Period pants are, quite frankly, liberating. Giving you the ability to free bleed - day or night - with no messy aftermath makes your period way more comfortable. And therefore, way more bearable. But new research undertaken by a scientist at the University of Notre Dame alleges to have discovered toxic chemicals on the inside of the crotch in an unused pair of Thinx period-proof pants. Uh ohhhhh.
It all started when journalist Jessian Choy, writing for Sierra magazine, decided to investigate her favoured period pants. After emailing Thinx to ask how they ensure their underwear is free from certain toxic chemicals - and failing to receive a response - Jessian went ahead and looked into it herself.
She reached out to nuclear scientist Dr Graham Peaslee of the University of Notre Dame, who she knew about he'd discovered the same toxic chemicals in fast-food wrappers a few years previous. The chemicals in question are called polyfluoroalkyl substances - or PFAS to anyone outside of a lab. They're known to be toxic to humans, even when present at very low levels, and have previously been linked to cancer and fertility issues.
Eager to get an answer, Jessian sent a pair of unused Thinx period pants to Dr Peaslee, requesting he assess them for PFAS chemicals. After some testing, he reported to have discovered them on the inside layers of the crotch; a pretty intimate area by anyone's standards.
Using a 'particle induced gamma ray emission spectroscopy test', the scientist allegedly discovered PFAS levels of 3,264 parts per million in Thinx’s core menstrual brief product. According to Dr Peaslee's reported results, its 'BTWN' line of underwear for teenagers, contained PFAS levels of 2,053 parts per million.
In response to Sierra's suggestion that PFAS substances were present in this particular set of underwear, Thinx has vehemently denied this could be the case. Speaking to Fast Company, CEO of the period-proof pants brand Maria Molland said: "Based on these third-party tests, PFAS chemicals were not detected in Thinx products. Our customers' health and safety is our number one priority, and we will always work to deliver the safest products available."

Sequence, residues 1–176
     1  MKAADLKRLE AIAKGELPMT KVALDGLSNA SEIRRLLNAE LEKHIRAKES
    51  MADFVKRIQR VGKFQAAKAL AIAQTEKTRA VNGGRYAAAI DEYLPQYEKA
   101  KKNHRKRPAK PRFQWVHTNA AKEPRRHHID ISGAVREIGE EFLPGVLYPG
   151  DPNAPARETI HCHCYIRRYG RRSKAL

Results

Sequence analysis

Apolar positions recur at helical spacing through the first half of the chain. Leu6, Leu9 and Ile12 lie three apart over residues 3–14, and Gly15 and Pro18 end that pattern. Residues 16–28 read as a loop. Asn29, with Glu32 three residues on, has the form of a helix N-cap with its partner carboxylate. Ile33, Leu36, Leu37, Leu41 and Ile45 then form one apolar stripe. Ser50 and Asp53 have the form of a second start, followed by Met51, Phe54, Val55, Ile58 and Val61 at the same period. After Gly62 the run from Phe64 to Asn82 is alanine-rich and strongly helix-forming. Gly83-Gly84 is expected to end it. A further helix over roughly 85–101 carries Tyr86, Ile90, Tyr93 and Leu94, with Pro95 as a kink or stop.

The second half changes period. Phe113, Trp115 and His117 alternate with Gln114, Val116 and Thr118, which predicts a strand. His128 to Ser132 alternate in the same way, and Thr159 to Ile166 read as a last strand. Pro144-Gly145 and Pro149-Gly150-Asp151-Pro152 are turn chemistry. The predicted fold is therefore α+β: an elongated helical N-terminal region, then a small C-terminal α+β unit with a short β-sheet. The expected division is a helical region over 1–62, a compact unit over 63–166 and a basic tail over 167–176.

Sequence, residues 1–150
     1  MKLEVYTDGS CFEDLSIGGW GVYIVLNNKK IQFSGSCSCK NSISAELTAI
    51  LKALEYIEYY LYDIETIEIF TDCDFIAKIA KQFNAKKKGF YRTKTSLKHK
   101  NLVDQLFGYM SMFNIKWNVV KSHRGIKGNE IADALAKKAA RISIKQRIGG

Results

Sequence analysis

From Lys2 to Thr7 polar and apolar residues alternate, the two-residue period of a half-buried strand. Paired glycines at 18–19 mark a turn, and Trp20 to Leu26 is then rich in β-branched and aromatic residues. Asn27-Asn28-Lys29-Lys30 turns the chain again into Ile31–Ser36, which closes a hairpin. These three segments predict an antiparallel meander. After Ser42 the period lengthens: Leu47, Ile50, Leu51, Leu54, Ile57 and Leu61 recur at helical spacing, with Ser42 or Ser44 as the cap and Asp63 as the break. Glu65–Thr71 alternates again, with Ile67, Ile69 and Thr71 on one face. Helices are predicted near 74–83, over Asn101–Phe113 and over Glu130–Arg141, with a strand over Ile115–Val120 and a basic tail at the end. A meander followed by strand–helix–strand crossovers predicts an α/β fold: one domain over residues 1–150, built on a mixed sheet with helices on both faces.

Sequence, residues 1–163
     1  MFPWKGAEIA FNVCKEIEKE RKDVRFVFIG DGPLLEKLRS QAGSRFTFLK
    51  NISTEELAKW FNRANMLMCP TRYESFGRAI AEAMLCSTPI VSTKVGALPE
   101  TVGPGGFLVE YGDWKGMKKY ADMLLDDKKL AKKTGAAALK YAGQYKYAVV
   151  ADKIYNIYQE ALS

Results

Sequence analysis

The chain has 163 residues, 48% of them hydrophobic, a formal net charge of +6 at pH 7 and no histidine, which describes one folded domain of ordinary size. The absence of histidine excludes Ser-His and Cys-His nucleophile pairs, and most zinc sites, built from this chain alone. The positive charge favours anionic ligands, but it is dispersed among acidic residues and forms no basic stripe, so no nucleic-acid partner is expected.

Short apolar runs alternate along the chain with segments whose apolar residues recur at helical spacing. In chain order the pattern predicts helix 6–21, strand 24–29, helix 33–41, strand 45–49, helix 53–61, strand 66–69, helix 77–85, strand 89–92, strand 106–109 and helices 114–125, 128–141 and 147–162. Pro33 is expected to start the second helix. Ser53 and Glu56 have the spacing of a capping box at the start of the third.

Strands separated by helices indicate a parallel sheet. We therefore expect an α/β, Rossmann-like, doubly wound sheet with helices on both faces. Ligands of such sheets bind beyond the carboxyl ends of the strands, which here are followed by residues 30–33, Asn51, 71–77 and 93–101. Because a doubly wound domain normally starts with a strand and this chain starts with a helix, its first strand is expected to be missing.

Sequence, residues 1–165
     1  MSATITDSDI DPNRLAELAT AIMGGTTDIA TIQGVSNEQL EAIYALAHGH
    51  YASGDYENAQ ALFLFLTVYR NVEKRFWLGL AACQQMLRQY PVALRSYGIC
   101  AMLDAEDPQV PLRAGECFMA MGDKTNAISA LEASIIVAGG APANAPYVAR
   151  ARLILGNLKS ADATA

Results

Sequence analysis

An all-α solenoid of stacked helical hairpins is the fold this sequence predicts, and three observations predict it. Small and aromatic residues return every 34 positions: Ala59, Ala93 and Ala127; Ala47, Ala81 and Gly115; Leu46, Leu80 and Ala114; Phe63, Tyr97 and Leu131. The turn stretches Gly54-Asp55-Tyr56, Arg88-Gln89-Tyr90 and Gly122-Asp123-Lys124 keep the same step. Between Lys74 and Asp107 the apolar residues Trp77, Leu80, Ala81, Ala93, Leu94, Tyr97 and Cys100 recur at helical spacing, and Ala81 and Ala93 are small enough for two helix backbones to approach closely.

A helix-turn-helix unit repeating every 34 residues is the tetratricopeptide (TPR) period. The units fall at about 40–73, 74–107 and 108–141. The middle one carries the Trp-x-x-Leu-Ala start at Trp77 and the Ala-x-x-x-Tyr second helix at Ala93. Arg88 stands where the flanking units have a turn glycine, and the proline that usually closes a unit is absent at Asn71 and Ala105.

The company added that its products are subject to several rounds of testing to ensure they meet or exceed safety standards, and even included copies of the company's recent lab tests, dating back to September 2019. The results of said lab tests appear to corroborate the company's insistence that there was no detectable level of PFAS chemicals in the product batch following the manufacturing process.
The two sets of results appear to contradict one another, so perhaps it requires further independent testing to seek out a more conclusive answer. For now, maybe it's not quite definite enough to warrant you binning all your Thinx briefs - but it's something to be wary of, anyway.
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